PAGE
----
Friday 27 June 2014

Ostland - David Thomas

If what you are looking for is a historic police procedural that blossoms into an indictment of the horrific actions of the Einsatzgruppen in and around Minsk, then this is simply perfect. The book divides into almost three distinct sections. The first follows the historic war-crimes trial of Dr. Georg Heuser and his cronies in the early 1960's using actual court transcripts at times and following proceedings through the eyes of Dr Paula Siebert, a young lawyer investigating the crimes that took place in Minsk during the early 1940's. The second and third parts of the story are seen as almost a memoir written by Heuser; first charting how he came to be a rising star in the Brelin Kripo, helping to catch an infamous serial killer - The S-Bahn killer - a man who had an almost Ripperesque grip on Berlin during the late 1930's and up until his capture and execution in 1941. The second part of the memoir shows Heuser's descent into criminality as a SS Hauptsturmfuehrer in Ostland. The 'memoir' sections are quite brilliant in their convincing blend of horror at the atrocities going on around the young officer, and repeated insistence that he was 'only obeying orders'. This section manages, without lifting the onus of responsibility, to show how ordinary men are able to be twisted into committing the most atrocious acts of inhumanity; and how their warped sense of morality can lead them to see the most banal acts of kindness as great humane gestures. At times when reading this I couldn't help but think of the wonderful, but terrifying scene in the film Schindler's List when Amon Goeth shows 'mercy' for the failure of his slave to properly clean his bathtub. The moment when Goeth loses interest in this act of 'generosity' is portrayed with such chilling skill by Fiennes, as instead of offering a blessing to his own reflection he becomes caught up in his own need for a manicure. This same consummate skill was shown here in the duality of Heuser as he thinks to seduce a young woman he has just rescued from the death pits; as well as the way in which his lawyer's mind attempts to reconcile the criminality of what he is doing with his own moral code. At one point Heuser describes the hideousness of realising that the men he is now charged with killing are not 'less than fully human' as the propaganda states, but are in fact members of the Reich, men who have loved and served their homeland..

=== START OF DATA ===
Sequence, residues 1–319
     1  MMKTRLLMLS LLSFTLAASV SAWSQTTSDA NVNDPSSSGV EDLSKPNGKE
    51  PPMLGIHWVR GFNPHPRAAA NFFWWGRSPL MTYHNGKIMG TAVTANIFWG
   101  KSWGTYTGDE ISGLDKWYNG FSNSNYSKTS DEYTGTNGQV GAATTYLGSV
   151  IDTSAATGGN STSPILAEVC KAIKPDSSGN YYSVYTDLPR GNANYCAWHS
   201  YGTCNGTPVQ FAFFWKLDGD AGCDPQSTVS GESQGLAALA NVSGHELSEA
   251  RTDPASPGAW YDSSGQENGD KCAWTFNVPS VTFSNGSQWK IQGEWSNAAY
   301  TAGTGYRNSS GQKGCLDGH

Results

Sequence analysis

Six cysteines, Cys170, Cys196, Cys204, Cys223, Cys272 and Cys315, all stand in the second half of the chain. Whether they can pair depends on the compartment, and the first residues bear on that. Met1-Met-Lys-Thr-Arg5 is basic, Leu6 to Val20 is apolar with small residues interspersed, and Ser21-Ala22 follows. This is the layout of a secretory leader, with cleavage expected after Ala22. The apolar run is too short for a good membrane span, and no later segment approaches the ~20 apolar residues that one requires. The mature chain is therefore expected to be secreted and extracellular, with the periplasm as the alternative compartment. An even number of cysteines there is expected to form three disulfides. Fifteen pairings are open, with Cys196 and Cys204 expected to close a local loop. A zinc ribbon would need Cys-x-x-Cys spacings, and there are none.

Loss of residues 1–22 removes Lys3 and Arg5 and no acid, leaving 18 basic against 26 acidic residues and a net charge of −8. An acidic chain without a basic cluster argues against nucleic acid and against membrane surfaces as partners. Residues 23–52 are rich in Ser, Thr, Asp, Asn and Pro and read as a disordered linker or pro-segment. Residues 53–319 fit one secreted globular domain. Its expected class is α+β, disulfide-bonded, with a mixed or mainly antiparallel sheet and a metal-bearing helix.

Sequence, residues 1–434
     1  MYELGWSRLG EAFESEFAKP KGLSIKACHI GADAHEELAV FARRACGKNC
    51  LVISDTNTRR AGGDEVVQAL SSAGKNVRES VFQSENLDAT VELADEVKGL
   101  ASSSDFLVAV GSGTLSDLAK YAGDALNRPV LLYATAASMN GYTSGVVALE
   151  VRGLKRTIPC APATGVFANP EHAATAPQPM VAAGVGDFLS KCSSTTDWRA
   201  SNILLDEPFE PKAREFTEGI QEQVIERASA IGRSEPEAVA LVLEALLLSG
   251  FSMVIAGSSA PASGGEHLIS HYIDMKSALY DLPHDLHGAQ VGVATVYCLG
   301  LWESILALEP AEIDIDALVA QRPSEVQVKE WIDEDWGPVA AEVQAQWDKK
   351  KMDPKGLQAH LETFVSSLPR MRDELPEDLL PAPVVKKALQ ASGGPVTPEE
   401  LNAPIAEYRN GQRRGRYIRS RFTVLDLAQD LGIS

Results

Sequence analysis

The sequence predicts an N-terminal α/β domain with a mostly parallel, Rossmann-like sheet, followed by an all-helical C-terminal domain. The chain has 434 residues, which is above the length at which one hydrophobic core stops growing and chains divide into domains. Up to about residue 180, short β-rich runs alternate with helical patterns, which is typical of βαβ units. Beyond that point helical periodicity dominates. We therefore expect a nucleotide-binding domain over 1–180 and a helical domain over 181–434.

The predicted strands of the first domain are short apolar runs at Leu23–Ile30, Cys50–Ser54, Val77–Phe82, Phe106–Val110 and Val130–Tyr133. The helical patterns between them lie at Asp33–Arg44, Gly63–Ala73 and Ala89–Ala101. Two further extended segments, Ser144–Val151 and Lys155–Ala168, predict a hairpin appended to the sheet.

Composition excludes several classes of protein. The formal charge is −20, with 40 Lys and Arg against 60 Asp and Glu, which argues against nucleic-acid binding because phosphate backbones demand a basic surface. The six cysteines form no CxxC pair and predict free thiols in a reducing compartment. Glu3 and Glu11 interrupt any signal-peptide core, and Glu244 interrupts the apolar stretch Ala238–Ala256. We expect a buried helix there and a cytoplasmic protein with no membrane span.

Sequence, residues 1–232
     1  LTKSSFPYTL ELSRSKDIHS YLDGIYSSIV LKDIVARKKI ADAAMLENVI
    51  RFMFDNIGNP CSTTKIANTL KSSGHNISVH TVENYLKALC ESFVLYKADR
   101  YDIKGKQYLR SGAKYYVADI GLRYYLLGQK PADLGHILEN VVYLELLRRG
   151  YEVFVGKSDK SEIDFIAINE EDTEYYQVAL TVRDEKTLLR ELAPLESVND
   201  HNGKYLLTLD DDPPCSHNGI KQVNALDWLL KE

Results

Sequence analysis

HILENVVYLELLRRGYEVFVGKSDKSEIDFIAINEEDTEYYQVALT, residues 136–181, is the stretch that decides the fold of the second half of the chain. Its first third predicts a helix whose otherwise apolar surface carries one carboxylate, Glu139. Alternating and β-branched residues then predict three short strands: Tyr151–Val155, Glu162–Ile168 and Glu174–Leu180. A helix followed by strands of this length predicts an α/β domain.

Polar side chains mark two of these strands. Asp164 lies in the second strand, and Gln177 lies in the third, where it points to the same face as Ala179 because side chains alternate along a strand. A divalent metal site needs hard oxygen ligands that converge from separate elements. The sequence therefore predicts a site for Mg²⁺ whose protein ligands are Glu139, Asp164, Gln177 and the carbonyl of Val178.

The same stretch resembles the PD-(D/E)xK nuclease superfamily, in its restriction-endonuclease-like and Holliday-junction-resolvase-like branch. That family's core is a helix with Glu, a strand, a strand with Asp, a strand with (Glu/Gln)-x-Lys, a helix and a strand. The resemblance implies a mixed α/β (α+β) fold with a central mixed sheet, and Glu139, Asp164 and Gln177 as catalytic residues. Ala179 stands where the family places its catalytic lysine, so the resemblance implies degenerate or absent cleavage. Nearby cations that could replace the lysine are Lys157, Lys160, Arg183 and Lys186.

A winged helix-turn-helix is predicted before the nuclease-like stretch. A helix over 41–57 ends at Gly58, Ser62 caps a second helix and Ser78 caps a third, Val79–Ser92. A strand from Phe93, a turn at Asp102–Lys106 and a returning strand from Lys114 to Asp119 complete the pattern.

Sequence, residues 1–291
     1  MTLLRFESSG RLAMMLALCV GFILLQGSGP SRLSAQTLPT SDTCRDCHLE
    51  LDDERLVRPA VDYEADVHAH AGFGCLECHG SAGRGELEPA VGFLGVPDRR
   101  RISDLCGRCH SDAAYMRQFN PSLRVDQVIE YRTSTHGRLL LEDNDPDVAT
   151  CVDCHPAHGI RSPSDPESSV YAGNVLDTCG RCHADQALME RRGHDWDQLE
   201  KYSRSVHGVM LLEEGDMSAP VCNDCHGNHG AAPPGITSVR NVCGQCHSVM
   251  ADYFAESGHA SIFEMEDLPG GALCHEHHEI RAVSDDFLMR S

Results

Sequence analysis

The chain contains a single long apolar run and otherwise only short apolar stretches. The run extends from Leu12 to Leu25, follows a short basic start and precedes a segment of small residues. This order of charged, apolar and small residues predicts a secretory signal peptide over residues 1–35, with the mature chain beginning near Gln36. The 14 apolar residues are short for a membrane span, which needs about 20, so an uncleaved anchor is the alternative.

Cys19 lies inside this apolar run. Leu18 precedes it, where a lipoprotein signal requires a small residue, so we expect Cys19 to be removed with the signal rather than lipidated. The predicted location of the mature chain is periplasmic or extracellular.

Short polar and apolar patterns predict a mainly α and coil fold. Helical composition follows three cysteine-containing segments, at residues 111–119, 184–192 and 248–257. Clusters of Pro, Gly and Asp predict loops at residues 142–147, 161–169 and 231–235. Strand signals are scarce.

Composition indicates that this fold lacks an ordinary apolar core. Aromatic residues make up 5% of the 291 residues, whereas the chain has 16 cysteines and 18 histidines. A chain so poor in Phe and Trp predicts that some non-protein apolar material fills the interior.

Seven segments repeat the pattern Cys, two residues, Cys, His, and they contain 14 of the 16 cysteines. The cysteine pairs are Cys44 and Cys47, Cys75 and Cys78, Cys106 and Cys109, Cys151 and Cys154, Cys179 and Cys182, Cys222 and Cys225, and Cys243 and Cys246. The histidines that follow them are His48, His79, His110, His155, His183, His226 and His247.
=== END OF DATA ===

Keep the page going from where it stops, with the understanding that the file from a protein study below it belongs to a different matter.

'It was as though the who grotesque business were a gigantic experiment, conducted by a mad, all-powerful psychiatrist who sought to establish just what terrible sins once-decent men might be capable of if correctly manipulated. 'We have established that you can bring yourself to kill people who look and sound alien. Very well then, what if they look and sound just like you? what if they come from the same cities, even the same neighbourhoods - how will you manage then?''

It is a fact that the majority of the Einsatzgruppen in particular were ordinary men, often policemen used to upholding law and order, and that even the harshest amongst them found themselves reacting physically and mentally when confronted with the horrors or the Latvian and Belorussian campaigns. These men became inured to the horrors, certainly but they also became alcoholics; insomniac drunks haunted by the atrocities they had seen and done. It was due in part to the potential break down of moral and the mental state of the men taking these 'actions' that the idea of gas chambers was posed. Not only did the solution of gassing the victims meet with the approval of Heydrich on grounds of efficiency (quicker, higher volume mass murder possible and no expended bullets) but also it spared the men from having to witness the brutality of mass murder at close range. Even Heydrich recognised that 'good German men' would not be able to stand up to the strain of repeatedly shooting men, women and children in the back of the head for any extended period of time. This is the paradox that this novel explored quite brilliantly; that of the legal framework for mass murder, and of using men born to uphold justice to commit the worst offences. This book handles the issues involved wonderfully. If you are interested in any further reading on the subject, then like the author does in his afterword to Ostland, I have to recommend both Ordinary Men: Reserve Police Battalion 101 and the Final Solution in Poland by Christopher Browning, and The Field Men: The SS Officers Who Led the Einsatzgruppen by French Maclean, both are fascinating studies of a truly horrific piece of recent history.

1 comment:

  1. *SIGH* I dunno. I'm more on a YA to NA reader but you wrote the review pretty well. It made my head hurt a bit (It can only read 160 characters) LOL kidding! Seriously tho, that book should be made into a movie. I mean, I'm not a fan of Mystery Crime books but I know when a book is too good to be a movie. :)